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3.46 pm

The Minister of State, Ministry of Defence (Mr. Adam Ingram) : I congratulate the hon. Member for East Carmarthen and Dinefwr (Adam Price) on securing this Adjournment debate. He has touched on a number of important issues, and I welcome the opportunity to set the record straight. The hon. Gentleman has been a consistent critic of our policy in Iraq, and his contribution today should be considered against that background. I would argue that it is neither objective nor accurate in many of its salient points. I shall deal with those points, but first I shall set his criticisms in the context of what the coalition of some 30 nations has achieved to date against the barbarism and brutality of Saddam Hussein's regime.

For 12 years that regime flouted the will of the international community and United Nations Security Council resolutions. It launched unprovoked and senseless wars on its neighbours and tortured, terrorised and destroyed the lives of Saddam Hussein's citizens, including through the use of chemical weapons. The hon. Gentleman did not mention any of those matters.

I now come to the charges made by the hon. Gentleman. He called for the establishment of an ombudsman and some independence in the process in Iraq. In essence, he was saying that our troops have acted indiscriminately, without due regard for the rule and import of international law; and that their investigations are not independent, and because of that we do not know the circumstances of incidents, or even the names of the victims. Nothing could be further from the truth.

Our forces are working in partnership with the Iraqi people to establish a safe and secure environment, and are doing so under the rule of law. That principle governs the training that our forces receive and all that they are doing in Iraq under the most difficult conditions, at times under fire, and often showing remarkable restraint. None the less, as the hon. Gentleman said, there have been some civilian deaths.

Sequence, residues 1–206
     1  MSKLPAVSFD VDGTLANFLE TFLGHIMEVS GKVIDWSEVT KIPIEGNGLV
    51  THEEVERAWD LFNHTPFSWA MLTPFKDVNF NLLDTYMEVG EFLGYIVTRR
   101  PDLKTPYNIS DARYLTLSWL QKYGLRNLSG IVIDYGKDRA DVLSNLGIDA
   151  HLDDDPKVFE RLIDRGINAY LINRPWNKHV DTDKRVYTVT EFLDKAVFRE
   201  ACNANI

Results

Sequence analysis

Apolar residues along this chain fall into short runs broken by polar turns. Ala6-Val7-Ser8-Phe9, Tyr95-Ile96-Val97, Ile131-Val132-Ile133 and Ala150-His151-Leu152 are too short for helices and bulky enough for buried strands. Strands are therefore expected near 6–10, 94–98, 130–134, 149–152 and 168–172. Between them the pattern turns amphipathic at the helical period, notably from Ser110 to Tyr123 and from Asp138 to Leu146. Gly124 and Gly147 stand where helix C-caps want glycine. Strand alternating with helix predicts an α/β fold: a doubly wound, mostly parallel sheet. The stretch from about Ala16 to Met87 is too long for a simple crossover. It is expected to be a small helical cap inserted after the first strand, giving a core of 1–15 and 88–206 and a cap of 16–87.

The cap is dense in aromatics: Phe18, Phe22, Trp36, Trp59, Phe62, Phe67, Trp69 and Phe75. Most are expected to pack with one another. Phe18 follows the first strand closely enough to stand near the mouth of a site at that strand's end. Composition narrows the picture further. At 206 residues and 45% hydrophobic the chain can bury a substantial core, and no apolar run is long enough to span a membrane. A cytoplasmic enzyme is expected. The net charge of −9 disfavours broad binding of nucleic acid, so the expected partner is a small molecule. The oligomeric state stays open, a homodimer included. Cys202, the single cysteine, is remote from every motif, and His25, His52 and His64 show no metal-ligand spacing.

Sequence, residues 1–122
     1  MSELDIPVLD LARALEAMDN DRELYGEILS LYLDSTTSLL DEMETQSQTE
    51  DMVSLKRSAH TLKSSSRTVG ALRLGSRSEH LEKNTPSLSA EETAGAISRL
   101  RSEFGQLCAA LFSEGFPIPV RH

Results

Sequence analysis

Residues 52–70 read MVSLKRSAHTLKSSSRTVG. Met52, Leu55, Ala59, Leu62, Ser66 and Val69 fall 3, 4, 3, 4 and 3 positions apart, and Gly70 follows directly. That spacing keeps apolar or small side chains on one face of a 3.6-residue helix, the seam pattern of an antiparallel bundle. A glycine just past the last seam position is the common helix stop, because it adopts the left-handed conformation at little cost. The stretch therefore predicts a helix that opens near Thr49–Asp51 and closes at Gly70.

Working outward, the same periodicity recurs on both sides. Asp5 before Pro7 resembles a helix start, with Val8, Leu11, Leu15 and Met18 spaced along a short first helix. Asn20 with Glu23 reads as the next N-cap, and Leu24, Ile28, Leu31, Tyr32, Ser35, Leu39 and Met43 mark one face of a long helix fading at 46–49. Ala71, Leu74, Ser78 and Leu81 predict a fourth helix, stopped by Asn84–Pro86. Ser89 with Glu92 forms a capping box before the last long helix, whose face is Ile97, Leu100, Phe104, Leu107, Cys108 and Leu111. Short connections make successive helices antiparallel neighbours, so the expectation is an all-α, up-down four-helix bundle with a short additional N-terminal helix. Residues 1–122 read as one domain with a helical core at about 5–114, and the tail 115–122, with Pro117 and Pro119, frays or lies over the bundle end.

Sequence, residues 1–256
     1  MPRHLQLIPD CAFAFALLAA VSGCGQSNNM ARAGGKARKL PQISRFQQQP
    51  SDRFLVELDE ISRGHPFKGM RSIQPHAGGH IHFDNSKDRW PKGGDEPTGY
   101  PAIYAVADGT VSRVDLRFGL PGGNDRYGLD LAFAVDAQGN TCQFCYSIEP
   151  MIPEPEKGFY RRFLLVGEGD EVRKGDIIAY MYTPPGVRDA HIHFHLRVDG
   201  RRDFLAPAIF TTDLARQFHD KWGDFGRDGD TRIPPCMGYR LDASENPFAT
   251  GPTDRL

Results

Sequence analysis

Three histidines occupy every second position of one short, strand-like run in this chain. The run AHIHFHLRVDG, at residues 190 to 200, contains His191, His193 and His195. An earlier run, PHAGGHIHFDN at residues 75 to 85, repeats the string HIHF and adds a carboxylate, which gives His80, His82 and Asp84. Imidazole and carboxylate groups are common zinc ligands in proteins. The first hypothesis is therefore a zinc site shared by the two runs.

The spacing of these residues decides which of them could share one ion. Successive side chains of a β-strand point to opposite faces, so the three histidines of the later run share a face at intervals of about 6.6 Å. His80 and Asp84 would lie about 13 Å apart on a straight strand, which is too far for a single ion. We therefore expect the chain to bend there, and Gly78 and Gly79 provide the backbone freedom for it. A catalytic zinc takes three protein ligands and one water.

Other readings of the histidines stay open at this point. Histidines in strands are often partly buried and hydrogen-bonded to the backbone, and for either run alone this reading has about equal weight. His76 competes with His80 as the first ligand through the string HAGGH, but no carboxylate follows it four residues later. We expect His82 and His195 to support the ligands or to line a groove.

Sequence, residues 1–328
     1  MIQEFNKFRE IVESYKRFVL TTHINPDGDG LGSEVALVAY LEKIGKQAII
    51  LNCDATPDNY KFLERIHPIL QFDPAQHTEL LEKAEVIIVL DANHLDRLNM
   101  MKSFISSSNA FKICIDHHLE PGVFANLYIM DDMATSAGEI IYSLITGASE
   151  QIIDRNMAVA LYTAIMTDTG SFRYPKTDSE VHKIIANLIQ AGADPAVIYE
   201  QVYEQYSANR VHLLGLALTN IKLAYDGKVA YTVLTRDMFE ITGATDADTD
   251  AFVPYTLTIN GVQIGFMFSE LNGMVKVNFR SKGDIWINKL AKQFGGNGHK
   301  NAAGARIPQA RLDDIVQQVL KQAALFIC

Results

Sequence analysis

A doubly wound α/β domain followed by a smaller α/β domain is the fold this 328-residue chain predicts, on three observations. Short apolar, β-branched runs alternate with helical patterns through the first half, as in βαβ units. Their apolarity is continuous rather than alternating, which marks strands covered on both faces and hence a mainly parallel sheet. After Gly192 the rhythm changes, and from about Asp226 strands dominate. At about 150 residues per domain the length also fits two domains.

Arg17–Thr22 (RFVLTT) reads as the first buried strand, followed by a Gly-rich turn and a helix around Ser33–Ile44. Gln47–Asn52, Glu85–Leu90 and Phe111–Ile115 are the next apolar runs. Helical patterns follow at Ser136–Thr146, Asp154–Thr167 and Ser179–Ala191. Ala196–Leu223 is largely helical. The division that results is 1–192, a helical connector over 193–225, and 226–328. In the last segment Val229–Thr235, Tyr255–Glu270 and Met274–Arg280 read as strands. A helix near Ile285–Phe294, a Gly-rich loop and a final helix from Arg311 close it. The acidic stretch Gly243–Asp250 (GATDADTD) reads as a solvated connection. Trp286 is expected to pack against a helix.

Without prejudging those cases, it might be helpful to clarify what we mean by "civilian death". For our purposes, the term "civilian" applies to all Iraqis. Besides peaceful law-abiding men, women and children, it includes those former regime loyalists who have since April continued to bomb, kill and maim their fellow Iraqi countrymen and women and coalition troops. It also includes those who are frustrating the work of the vast majority of the Iraqi people to build a safe, secure and prosperous Iraq.

It has been suggested that we are refusing to keep records of such casualties. That is not true. All incidents of alleged or possible fatalities of which our people are aware are recorded by the unit involved. Although we record all such incidents, it would be wrong to claim that we have an exhaustive record, because we cannot always be certain of the number of fatalities that result. In some incidents, such as ambushes on our forces and firefights, those who have been attacking UK forces and who have been injured or killed are removed from the scene.